Ibrahim Lodi was an ambitious emperor whose efforts to build a large centralized empire had alarmed the Afghan chief as well as the Rajputs.
Daulat Khan Lodi was one of the most powerful chiefs of his time. Though, he was the governor of Punjab, but he was almost an Independent ruler.
Daulat Khan wanted to conciliate with Ibrahim Lodi; therefore, he sent his son to his (Ibrahim’s) court to pay homage. However, he was also intended to strengthen his power by annexing the frontier tracts of Bhira.
In 1518-19, Babur seized the powerful fort of Bhira and sent letters as well as verbal messages to Ibrahim Lodi and Daulat Khan. Babur asked them for the cession of all those areas, which had belonged to the Turks.
Daulat Khan detained Babur's envoy at Lahore, neither granted him audience nor allowed him to go and meet Ibrahim Lodi. Daulat Khan expelled Babur’s agent from Bhira.
Once again in 1520-21, Babur crossed the Indus, and easily clutched Bhira and Sialkot (popular as the twin gateways to Hindustan) and then, Lahore was also surrendered to him.
After capturing Bhira and Sialkot, Babur planned to proceed further, but because of the revolt in Qandhar, he returned back.
Babur recaptured Qandhar after almost one and half years. His political stability again encouraged him to move towards India.
Daulat Khan sent Dilawar Khan (his son) to Babur’s court and invited Babur to come India. Daulat Khan suggested Babur to replace Ibrahim Lodi, as he (Ibrahim Lodi) was a tyrant ruler.
Rana Sanga (Rana of Mewar), most likely at the same time, also sent a message to Babur inviting him to attack India. Two embassies from the powerful kingdom convinced Babur to conquest India again.
In 1525, when Babur was in Peshawar, he received a message that Daulat Khan Lodi had changed the sides.
Daulat Khan had collected an army of 30,000-40,000 men and ousted Babur's soldiers from Sialkot, and tried to advance towards Lahore. However, as Babur came, Daulat Khan’s army ran away; resultantly, Daulat Khan got surrendered and was pardoned. Babur became the ruler of Punjab.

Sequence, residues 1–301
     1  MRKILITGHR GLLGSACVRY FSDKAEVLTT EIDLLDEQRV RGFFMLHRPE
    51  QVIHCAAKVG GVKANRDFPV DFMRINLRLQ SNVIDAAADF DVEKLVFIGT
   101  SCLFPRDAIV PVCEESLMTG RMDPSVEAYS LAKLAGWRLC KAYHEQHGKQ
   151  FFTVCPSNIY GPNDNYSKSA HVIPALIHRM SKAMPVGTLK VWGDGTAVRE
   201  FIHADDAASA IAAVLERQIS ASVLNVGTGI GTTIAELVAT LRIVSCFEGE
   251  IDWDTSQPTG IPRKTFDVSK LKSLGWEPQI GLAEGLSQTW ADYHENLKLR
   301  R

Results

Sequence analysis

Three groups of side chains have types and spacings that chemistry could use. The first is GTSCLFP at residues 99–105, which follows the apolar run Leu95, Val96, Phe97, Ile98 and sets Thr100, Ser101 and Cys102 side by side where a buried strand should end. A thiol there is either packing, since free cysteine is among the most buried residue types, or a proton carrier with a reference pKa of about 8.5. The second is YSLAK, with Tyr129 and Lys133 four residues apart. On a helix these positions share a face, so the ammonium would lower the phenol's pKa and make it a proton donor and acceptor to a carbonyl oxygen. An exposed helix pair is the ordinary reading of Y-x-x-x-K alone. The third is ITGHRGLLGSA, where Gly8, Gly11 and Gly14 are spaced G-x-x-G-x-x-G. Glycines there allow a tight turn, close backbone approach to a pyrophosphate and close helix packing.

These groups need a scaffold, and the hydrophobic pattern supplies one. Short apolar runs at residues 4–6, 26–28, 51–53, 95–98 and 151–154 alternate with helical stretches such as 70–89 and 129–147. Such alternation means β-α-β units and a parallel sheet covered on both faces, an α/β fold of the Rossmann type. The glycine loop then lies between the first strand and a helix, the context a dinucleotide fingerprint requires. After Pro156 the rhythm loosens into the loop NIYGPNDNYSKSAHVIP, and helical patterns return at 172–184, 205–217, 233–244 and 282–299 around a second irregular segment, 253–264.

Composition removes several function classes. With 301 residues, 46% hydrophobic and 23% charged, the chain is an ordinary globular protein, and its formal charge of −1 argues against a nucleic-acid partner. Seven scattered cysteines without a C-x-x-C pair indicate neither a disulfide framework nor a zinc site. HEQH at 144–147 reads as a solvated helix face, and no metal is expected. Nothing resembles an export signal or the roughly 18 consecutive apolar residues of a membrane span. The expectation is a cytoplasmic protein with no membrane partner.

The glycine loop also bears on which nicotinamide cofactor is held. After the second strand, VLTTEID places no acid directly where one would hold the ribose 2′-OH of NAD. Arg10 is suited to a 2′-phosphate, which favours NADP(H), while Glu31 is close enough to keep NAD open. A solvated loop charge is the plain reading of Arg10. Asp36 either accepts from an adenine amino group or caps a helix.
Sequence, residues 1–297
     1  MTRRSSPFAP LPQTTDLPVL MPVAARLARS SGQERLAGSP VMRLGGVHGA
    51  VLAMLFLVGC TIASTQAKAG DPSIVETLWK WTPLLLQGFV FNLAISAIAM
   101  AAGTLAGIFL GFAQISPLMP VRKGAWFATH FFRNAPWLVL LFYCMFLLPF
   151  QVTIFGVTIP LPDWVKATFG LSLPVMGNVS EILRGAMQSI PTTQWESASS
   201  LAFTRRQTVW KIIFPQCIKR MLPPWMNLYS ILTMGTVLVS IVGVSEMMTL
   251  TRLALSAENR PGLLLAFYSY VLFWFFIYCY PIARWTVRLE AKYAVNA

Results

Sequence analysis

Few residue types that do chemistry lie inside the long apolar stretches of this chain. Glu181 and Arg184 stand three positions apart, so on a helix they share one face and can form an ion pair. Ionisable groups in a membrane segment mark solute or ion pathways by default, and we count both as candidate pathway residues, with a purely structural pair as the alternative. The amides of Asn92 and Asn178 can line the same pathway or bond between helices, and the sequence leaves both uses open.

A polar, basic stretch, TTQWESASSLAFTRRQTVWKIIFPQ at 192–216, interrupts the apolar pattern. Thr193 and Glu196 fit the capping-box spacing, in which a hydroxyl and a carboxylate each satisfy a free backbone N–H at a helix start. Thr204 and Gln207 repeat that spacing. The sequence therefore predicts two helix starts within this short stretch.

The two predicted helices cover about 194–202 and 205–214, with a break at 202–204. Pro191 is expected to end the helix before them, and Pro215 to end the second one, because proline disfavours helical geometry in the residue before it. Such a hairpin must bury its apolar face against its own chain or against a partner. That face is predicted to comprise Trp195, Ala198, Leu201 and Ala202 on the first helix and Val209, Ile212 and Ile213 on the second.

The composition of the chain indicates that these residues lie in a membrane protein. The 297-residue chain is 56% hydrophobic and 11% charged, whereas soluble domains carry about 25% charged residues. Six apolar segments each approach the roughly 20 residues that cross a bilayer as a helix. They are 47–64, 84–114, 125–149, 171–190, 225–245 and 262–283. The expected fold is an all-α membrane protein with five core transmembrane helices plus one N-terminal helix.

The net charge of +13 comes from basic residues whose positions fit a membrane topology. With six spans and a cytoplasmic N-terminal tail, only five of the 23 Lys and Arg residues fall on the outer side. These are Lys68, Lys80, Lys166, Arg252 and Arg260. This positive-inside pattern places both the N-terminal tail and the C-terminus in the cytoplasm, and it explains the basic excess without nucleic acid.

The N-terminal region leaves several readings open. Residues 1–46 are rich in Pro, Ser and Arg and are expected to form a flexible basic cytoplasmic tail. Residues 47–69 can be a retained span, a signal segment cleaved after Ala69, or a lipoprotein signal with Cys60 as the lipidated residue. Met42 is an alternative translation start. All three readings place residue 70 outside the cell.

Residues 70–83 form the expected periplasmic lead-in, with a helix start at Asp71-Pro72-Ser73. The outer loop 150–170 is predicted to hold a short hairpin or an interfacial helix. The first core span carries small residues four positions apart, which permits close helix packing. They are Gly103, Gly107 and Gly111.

Medieval Indian History - Major Battles
Following are the major battles that fought by Mughal emperor Babur
First Battle of Panipat
On 20th April 1526, the First Battle of Panipat, was fought between Babur and the Ibrahim Lodi Empire (ruler of Delhi). The battle took place in north India (Panipat) and marked as the beginning of the Mughal Empire.
The first battle of Panipat was one of the earliest battles in which gunpowder firearms and field artillery were used. However, Babur said that he used it for the first time in his attack on the Bhira fortress.
Ibrahim Lodi met Babur at Panipat with the force estimated at 100,000 men and 1,000 elephants.
Babur had crossed the Indus with a force of merely 12,000; however, in India, a large number of Hindustani nobles and soldiers joined Babur in Punjab. In spite of Indian army support, Babur's army was numerically inferior.
Babur made a master plan and strengthened his position. He ordered one of his army wings to rest in the city of Panipat, which had a large number of houses. Further, he protected another wing by means of a ditch filled with branches of trees.
On the front side, Babur lashed with a large number of cans, to act as a defending wall. Between two carts, breastworks were erected so that soldiers could rest their guns and fire.
Babur used the Ottoman (Rumi) device technique, which had been used by the Ottomans in their well-known battle against Shah Ismail of Iran.